KUALA LUMPUR (Nikkei Markets) -- Malaysian construction stocks are likely to fall further after investors hammered the sector amid a slew of downgrades as the opposition coalition, which had vowed to review projects worth over $25 billion, swept to power in a shock election outcome.
The Bursa Malaysia Construction Index, which tracks a basket of builders, has shed 12% since Monday - the share market was shut Thursday and Friday following Wednesday's poll - and could edge lower in the near term, analysts said. KAF-Seagroatt & Campbell Securities projects up to 10% downside for construction stocks under its coverage, including Fajarbaru Builder Group and Gamuda.
Among stocks which could be worst hit are YTL Corp. and WCT Holdings as these have benefitted the most in terms of bagging hefty contracts for large infrastructure projects that could come under the new administration's lens, analysts said. YTL dropped 3.7% Wednesday, dragging its weekly loss to 21.8%. WCT closed unchanged, down 29.7% for the week.
"The concern is that there will be delays for large projects and renegotiation of existing contracts, which could trim margins, impacting earnings," said Vincent Lau, vice-president at broker Rakuten Securities.
The benchmark FTSE Bursa Malaysia KLCI has gained 0.6%, while the ringgit has weakened more than 0.4% so far this week.
The Alliance of Hope coalition, led my nonagenarian Mahathir Mohamad had promised voters a "comprehensive review" of all mega projects that have been awarded to foreign countries, especially those linked to China.
Mahathir has also publicly questioned the necessity of projects such as the East Coast Rail Line that costs 55 billion ringgit ($13.87 billion) and the Kuala Lumpur-Singapore High Speed Rail that comes with price tag of around 60 billion ringgit.
YTL Corp., one of the two project delivery partners for the high-speed rail project, fell to its lowest in six years. The other, PDP is a consortium of Malaysian Resources Corp and Gamuda which fell 23.5% and 11.8% respectively this week. On Wednesday, Malaysian Resources lost 0.7% and Gamuda closed unchanged.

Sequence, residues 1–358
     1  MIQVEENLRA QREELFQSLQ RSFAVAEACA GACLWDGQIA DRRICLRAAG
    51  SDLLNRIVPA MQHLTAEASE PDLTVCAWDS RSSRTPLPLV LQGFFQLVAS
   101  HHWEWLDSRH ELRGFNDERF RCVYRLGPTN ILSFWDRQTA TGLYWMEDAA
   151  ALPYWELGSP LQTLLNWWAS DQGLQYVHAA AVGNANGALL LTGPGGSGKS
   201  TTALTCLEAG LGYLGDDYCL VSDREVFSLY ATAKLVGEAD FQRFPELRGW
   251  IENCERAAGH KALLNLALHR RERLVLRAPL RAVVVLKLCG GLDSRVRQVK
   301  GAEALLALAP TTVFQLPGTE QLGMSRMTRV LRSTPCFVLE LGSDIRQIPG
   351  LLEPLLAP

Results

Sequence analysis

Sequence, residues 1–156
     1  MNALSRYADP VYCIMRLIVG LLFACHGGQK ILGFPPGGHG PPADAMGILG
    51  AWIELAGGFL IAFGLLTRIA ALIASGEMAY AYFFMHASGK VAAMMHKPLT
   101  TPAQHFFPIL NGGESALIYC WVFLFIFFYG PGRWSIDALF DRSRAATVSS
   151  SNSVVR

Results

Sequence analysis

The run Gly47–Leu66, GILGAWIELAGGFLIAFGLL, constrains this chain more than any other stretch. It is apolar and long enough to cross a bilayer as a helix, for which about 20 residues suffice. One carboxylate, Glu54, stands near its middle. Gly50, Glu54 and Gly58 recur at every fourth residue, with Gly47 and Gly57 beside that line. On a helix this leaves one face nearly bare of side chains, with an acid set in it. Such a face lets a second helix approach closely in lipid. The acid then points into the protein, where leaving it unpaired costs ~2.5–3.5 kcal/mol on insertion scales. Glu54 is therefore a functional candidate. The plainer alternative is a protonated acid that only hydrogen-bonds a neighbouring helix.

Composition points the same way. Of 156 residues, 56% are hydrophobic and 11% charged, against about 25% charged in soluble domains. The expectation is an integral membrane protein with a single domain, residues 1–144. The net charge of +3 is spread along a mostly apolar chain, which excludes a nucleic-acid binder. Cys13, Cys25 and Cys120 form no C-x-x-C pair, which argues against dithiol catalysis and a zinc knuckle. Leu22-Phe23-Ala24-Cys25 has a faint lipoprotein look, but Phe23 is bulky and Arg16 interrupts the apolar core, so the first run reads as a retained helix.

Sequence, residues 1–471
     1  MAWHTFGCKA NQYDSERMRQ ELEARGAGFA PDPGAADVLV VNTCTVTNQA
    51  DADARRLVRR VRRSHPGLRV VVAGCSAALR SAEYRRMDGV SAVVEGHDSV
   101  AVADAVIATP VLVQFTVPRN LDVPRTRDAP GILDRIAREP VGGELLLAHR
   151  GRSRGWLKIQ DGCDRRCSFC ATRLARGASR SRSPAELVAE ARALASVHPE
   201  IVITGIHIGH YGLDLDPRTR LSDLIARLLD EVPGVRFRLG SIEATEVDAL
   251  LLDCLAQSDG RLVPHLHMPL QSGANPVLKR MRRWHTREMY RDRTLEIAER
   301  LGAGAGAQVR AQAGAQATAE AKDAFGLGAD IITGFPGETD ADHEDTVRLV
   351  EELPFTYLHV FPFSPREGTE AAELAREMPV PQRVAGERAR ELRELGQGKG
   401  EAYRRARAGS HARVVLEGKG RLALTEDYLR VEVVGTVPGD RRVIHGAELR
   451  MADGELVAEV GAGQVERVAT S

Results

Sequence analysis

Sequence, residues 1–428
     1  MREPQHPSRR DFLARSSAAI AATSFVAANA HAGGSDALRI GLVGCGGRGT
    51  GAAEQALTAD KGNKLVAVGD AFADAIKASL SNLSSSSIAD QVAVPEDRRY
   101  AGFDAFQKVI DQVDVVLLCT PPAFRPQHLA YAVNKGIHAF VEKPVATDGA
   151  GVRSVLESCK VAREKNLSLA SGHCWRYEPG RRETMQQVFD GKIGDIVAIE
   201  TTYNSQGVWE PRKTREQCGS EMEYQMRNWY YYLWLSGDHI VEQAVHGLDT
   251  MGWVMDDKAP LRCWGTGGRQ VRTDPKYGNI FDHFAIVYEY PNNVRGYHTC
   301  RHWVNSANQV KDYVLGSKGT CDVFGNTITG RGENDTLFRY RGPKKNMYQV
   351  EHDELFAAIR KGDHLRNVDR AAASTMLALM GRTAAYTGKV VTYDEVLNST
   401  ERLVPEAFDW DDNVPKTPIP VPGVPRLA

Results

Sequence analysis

"Since the PDP contracts have not been signed, it is uncertain whether the PH (Pakatan Harapan, or the Alliance of Hope) will review the terms or the project implementation could be delayed," said Affin Hwang Investment Bank's analyst Loong Chee Wei.
Construction has been the fastest-growing economic activity although the sector accounts for less than 5% of gross domestic product. The previous administration had forecast the sector to grow 7.5% in 2018, supported mainly by infrastructure development such as the mass rapid transit project.
Once an agrarian economy, Malaysia has emerged as one of the most industrialized countries in the region as it channelled part of cash earned from oil exports to build roads, ports and other massive infrastructure projects including the iconic Petronas twin-tower.
Mahathir, who in his earlier 22-year stint as prime minister is often credited with transforming Malaysia into a wealthy state that is now home to several electronics parts manufacturers, had himself pushed for large infrastructure projects to spur growth. But he had also shown restraint during tough financial times when he prioritized projects that offered wider economic gains.
"Some companies were also perceived linked to the previous administration, for which investors assigned premium valuations," said Rakuten's Lau. "As we have seen in the previous sessions, this premium is now being taken off."
Earlier Wednesday, Bursa Malaysia set a floor price for George Kent (Malaysia), after its stock price more-than-halved over the previous two trading sessions. George Kent chairman Tan Kay Hock is reportedly close to former-Prime Minister Najib Razak.
T7 Global, among companies that bid for the East Coast Rail Line project, lost as much as 35.5% this week. The firm's board of directors includes Ahmad Syafiq Hazieq Ahmad Zahid, the son of Zahid Hamidi, Malaysia's former deputy prime minister under National Front government.